• Sew Retro

Sewing with Flannel - tons of top tips !

Flannel is such an underrated fabric, traditionally made from wool, then cotton and now available with other synthetic fibers woven in. Its most commonly available to buy in a plaid pattern.

This seasons must have the "shacket" is crying out to be made in a fabulous cosy flannel plaid.

Scroll down for all the top tips for prepping you flannel fabric, it does shrink, so pre-washing is a must. Lots of shirts and "shackets" have a placket on the sleeve, keep scrolling for all the tips to sew the perfect placket on your shacket !


Pattern from Muna and Broad


What is Flannel?


Flannel is a loosely woven fabric that has been brushed for softness, so it has a bit of a nap on one side (sometimes on both). It feels soft against the skin. Since it's warm and cosy, it is perfect for sewing shirts or shackets.


Originally flannel was made of wool, now cotton is very common, as well as other materials and blends.


Pre-washing


It is very important to pre-wash flannel as it will shrink, it is best to wash your flannel on the programme and temperature that you plan to wash the finished garment on. Flannel also fray’s so do not forget to zigzag the raw edges or overlock before washing your length of fabric.


The Ilford Jacket from the Friday Pattern Company



Sewing with Flannel


· All-Purpose Thread. After prewashing and shrinking your flannel fabric, using all-purpose thread, which is made of polyester and does not shrink it will also help flannel retain its sewn shape.

· Size14 or 16 Sewing Needle (for thicker wool Flannel). This large size needle will pierce thicker flannels more easily. If you are sewing with a thin flannel your normal size needle is perfect.

· A Walking Foot. Since Flannel tends to stretch and can distort more easily than many other fabrics, using a walking foot will help to prevent this, and feed the fabric evenly through the sewing machine when sewing.

· Fray Check or starch. This is especially handy when sewing small pieces of flannel, and will prevent the edges from fraying when sewing and handling.

· If you like to transfer your marking with a tracing wheel and tracing paper be sure to use a Smooth Edge Tracing Wheel and Wax Free Tracing Paper. When transferring markings to prevent the fabric from stretching. Using tailors tacks will avoid any stretching of the flannel.

This blog post has lots of tips for perfect and stress free pattern matching.



The Otterline Jacket from Merchant and Mills



Polina Oversized Shacket



Tips for sewing plackets and cuffs.


A placket is basically an opening in clothing often on a shirt that allows easy access when putting the shirt on and off. It is usually used as opening in necklines and sleeve cuffs. Sometimes plackets are used solely as a decorative element especially with embroidery or in contrasting coloured fabrics.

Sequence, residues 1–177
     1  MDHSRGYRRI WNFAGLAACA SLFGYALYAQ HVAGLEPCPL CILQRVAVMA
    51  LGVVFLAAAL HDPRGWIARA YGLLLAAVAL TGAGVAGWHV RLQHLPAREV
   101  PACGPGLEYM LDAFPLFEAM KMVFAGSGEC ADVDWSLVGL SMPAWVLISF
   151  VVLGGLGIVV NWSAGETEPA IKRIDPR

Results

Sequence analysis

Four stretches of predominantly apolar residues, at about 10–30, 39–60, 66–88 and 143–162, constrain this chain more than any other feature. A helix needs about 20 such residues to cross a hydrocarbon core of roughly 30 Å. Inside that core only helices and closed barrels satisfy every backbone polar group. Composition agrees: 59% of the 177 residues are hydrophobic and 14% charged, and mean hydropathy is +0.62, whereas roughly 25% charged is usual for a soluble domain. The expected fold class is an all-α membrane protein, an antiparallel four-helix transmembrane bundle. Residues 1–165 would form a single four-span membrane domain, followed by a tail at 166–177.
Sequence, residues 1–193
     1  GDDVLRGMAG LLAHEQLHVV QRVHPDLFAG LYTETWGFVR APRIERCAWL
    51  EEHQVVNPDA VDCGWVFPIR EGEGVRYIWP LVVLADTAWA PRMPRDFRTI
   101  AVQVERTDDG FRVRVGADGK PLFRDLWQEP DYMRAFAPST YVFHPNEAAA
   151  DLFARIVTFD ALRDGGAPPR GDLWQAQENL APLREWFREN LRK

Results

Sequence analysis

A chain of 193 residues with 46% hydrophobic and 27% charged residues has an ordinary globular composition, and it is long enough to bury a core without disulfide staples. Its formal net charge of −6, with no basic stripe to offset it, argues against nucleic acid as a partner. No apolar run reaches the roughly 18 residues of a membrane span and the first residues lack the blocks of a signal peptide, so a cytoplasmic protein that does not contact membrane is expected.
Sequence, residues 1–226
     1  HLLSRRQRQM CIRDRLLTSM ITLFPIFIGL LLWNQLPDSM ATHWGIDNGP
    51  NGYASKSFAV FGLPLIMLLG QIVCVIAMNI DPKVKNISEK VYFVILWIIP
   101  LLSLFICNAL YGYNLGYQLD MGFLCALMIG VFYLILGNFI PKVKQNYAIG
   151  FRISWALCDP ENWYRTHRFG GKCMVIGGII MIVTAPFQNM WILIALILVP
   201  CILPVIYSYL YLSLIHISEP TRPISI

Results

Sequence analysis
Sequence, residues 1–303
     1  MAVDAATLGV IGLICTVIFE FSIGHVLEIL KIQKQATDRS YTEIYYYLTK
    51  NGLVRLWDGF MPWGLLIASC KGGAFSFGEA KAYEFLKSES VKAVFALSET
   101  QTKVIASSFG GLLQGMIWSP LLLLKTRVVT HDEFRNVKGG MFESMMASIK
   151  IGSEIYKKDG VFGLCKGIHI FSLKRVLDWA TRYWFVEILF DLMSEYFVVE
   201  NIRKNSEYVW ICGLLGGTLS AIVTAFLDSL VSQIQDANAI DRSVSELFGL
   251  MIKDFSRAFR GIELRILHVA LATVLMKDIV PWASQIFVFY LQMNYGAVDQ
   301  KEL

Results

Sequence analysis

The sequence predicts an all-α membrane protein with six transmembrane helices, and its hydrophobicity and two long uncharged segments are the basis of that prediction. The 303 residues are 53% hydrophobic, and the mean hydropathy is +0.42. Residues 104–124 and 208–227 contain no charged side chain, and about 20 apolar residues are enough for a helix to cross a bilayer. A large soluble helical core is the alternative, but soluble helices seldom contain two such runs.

They are several types of plackets but the one most used on a shirt cuff is called a Standard placket. It is a visible placket, also known as American placket the shirt fabric is folded back over the front and stitched to create a visible strip of raised fabric (sometimes an extra strip of fabric is attached instead of just folding)


When sewing plackets, they should be placed so that they can be comfortably accessed for fastening and unfastening.



Do not forget the rule in placket positioning – women’s clothing the right side of placket overlaps the left and on men’s clothing left side of the placket overlaps the right side.



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If you have not sewn a placket before, I would recommend, a practice run. If you have enough of the fabric that you are using to make your garment that would be the best fabric to practice on, if not use some fabric that is a similar weight and feel. Use the pattern pieces provided with your pattern, follow the instructions, including interfacing the pattern pieces when indicated.




When sewing plackets, it is important to use interfacing. Plackets bear a lot of strain when they are being fastened and unfastened. Adding the correct weight interfacing will also make sewing much easier. The interfacing will make your fabric “crisp”, stop it fraying and the “crisp" fabric should be much easier to press and fold under before sewing.


I would also advise tacking any small and tricky sections of the placket.



Cutting your pattern pieces on the straight of grain is also important as it will lie flat and not twist during sewing.


When cutting the interfacing for the cuff it is only needed on the section of the cuff that faces your arm not the whole cuff, if you interfaced the whole cuff it would end up being very bulky and difficult to achieve a crisp professional finish. Clip excess fabric on the corners and layer the internal seams on the cuff, for a neat finish.









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